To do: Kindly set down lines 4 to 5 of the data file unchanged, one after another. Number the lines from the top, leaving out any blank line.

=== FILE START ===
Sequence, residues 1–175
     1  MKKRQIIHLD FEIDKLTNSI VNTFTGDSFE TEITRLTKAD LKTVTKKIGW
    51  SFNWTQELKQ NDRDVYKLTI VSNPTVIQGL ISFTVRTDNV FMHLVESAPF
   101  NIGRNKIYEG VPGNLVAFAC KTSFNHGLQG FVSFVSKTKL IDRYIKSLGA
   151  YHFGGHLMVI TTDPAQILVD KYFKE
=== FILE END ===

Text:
   101  NIGRNKIYEG VPGNLVAFAC KTSFNHGLQG FVSFVSKTKL IDRYIKSLGA
   151  YHFGGHLMVI TTDPAQILVD KYFKE